Call it a hunch, but do you get the feeling that Hartlepool United are going to take some halting?
Pools produced the goods, yet again, on the road and how the fans enjoyed their marathon outing to Torquay.
Unlike the previous two games, there was to be no allowing their rival off the ropes.
Perhaps not the first 45 minutes at Plainmoor when Pools were almost clueless, but in the second half they were more Dr Jekyll than Mr Hyde and they emerged with their fourth away win of the season.
That is now 15 points from a possible 27 on the road and 14 from the last six games, which is an incredible ratio.
Only two clubs have taken more points on their travels than Pools, Macclesfield and Dover (both 18). The one thing which may hold Pools back or, more pertinently, currently is doing just that, is the points return at Victoria Park.
Pools are down in 18th in the home table and that is where the improvement needs to be made if Craig Harrison’s team are to get their bandwagon into the outside lane.
There is a wait before they need to sharpen up their home form.
Pools are on the road again for the next two Saturdays, visiting Morecambe in the FA Cup this weekend, when a win (or draw) is vital, before travelling to Boreham Wood seven days later, for the resumption of the National League.
After that, there are back-to-back home fixtures with Aldershot and Halifax when Pools must make a statement of intent with six points from six.
Pools made something of a statement on Saturday at Plainmoor – that they refuse to buckle, no matter how bad things may appear, taking us back to the top of this story that this team might take some stopping.
Having been pegged back to 1-1 draws last week by both Sutton and Tranmere, surrendering winning positions, a victory at Torquay was crucial.
But Pools slipped into their bad old ways against a rejuvenated Gulls side who belied their status in the bottom four.
Torquay, buoyed by a midweek victory at Ebbsfleet, tore into a Pools side who barely got a kick in the first 40 minutes, or not a good one.
Scott Loach came to his side’s rescue, once again, saving at his near post from Ruairi Keating and low to his left from Josh McQuiod.
Keating squandered a free header while his strike partner, Jamie Reid, was causing all sorts of problems putting over one peach of a cross which Louis Laing superbly cleared under great pressure while another, a low ball across the six-yard box, just needed a touch to put it in the back of Loach’s net, but no-one was there to apply the finishing touch.
It took Pools 24 minutes to visit the Torquay box, shortly after Blair Adams started and finished a fine move wit a right-foot shot which Vincent Dorel held comfortably.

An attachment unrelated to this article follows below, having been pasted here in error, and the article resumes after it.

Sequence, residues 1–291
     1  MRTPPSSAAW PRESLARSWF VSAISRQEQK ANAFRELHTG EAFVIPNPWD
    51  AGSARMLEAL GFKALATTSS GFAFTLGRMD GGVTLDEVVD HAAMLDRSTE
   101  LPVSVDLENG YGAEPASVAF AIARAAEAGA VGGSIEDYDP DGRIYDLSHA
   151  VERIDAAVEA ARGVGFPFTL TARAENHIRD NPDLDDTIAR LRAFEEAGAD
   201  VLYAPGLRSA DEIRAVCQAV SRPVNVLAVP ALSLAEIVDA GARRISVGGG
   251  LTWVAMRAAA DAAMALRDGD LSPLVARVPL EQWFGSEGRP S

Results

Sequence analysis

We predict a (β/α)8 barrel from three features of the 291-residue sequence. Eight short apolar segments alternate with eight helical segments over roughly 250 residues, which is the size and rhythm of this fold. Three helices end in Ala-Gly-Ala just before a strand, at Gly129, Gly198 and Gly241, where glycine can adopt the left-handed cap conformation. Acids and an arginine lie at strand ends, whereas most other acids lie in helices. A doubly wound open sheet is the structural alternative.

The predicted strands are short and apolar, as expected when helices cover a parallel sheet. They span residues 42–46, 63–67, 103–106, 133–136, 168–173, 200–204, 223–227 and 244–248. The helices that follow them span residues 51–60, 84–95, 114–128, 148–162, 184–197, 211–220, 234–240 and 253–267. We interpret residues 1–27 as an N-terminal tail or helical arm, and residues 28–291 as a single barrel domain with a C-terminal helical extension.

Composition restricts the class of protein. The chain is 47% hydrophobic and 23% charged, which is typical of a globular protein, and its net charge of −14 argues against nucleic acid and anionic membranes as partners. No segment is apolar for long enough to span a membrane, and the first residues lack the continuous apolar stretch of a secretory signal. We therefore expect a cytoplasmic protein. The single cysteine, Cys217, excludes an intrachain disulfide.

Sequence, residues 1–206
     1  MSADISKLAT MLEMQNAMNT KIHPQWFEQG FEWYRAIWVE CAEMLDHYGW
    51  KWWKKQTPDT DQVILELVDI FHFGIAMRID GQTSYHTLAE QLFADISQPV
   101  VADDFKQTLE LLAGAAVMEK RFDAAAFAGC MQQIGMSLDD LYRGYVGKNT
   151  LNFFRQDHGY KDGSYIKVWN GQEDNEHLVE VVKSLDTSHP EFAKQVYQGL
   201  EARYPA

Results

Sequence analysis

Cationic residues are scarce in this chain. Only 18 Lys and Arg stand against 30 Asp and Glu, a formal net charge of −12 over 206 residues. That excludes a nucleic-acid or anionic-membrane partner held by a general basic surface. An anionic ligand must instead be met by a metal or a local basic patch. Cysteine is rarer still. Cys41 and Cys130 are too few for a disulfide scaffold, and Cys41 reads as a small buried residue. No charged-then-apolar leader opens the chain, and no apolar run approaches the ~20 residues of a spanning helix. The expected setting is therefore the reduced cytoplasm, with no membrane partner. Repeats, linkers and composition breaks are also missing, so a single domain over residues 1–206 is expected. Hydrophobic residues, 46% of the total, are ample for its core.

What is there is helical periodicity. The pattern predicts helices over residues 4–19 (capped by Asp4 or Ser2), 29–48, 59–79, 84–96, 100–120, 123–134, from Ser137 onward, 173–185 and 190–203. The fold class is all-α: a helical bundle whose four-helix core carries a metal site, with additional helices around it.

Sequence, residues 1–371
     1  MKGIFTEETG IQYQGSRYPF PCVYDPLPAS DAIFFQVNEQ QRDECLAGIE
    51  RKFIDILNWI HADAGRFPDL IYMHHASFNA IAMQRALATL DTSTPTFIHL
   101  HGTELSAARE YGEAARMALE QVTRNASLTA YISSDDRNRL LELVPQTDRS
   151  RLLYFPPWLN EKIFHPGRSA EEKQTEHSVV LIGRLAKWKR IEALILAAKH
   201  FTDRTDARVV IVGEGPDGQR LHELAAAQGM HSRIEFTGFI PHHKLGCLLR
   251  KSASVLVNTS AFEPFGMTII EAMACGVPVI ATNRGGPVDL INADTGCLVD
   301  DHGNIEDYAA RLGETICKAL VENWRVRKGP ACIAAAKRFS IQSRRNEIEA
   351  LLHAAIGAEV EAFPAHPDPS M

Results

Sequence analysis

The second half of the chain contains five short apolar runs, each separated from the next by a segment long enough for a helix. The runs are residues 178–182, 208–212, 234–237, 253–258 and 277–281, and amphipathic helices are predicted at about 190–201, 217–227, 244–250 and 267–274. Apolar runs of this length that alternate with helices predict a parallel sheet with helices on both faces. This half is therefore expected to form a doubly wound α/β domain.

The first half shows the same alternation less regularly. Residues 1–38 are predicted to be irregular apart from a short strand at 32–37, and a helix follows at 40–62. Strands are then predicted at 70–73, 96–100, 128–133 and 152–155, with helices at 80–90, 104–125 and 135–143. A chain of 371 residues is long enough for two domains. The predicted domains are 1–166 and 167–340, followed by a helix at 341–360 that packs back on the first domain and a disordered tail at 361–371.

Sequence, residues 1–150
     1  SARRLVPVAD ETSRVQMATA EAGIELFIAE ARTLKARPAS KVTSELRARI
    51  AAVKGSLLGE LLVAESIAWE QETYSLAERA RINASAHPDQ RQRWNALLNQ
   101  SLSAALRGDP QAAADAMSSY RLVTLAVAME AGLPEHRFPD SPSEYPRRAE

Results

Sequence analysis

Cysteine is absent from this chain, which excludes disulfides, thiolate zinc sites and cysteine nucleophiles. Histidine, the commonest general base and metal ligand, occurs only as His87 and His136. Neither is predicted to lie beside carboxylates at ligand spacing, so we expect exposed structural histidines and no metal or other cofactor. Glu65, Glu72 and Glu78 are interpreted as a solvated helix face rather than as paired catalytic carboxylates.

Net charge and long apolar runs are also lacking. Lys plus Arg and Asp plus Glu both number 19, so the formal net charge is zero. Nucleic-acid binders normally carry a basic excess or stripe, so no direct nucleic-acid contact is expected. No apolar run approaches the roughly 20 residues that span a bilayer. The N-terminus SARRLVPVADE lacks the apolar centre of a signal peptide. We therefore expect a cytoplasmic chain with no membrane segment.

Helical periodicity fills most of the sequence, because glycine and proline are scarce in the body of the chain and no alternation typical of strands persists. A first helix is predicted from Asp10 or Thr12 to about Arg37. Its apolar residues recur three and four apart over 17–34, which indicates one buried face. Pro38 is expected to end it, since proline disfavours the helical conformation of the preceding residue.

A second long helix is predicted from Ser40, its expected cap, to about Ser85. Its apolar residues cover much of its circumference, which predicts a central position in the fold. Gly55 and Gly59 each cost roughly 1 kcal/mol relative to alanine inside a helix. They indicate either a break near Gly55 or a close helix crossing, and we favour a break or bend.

Harrison had gone with what appeared to be a bright, attacking side, the selection of Adams allowing Nicky Deverdics to be pushed further forward into midfield, while he selected Luke George for his first start.
But Pools struggled to play, with passes either being too heavy or too short, and players with considerable ability simply could not function. There was even a foul throw.
Torquay could, and perhaps should, have been a few goals to the good.
But fair play to Harrison, he is not afraid to make a change.
The manager altered his back four half-an-hour in, reunited Laing and Liam Donnelly at central defence with Michael Ledger, having had a difficult time of it, moving to right-back, where he looked more comfortable.
There was a brief moment of angst when an unmarked Reid had a sight at goal eight minutes before half-time, but his aim was not true.
Harrison changed his approach at the start of the second half, tightening his team up and imploring them onto the front foot.
A positive start saw Adams gallop forward and cross for Deverdics. The header was a mile wide, but it showed just what they could do.
And Adams repeated the trick in the 54th minute to devastating effect. George and Nicky Featherstone combined superbly in the middle of the park to release the full-back. His cross from the left was inch-perfect with Oates powering home his header at the near post from inside the six-yard box.
Simple but very, very effective.
Pools had the bit between their teeth and, unlike the previous two games, there was to be no allowing their rival off the ropes.
Franks, like Loach, has proven his class, just when his team need it most. And on 68 minutes he came up with the goods. With the Gulls defence standing off him he took aim from outside the area. His right-foot shot hit Josh Gowling and the deviation took it into the home net.
At 2-0 the game was almost up. There was a 73rd-minute scare when Reid’s near-post drive brought another super save from Loach.
But Pools were in control. Laing was dominant, along with Donnelly, and when they were not there to clear, Oates and Deverdics made vital headers.
Oates had a rea spring in his step in the final third, as had Michael Woods, while George and Featherstone had established themselves in the middle of the park.
Pools, perhaps, should have added to the tally but it would be churlish to criticise given how they had turned the match around.
There was time for a late scare in stoppage time when Loach saved magnificently from substitute Damon Lathrope and sub Scot Harrison made a tremendous block in the resulting melee.
But that summed up Pools, they refuse to fold.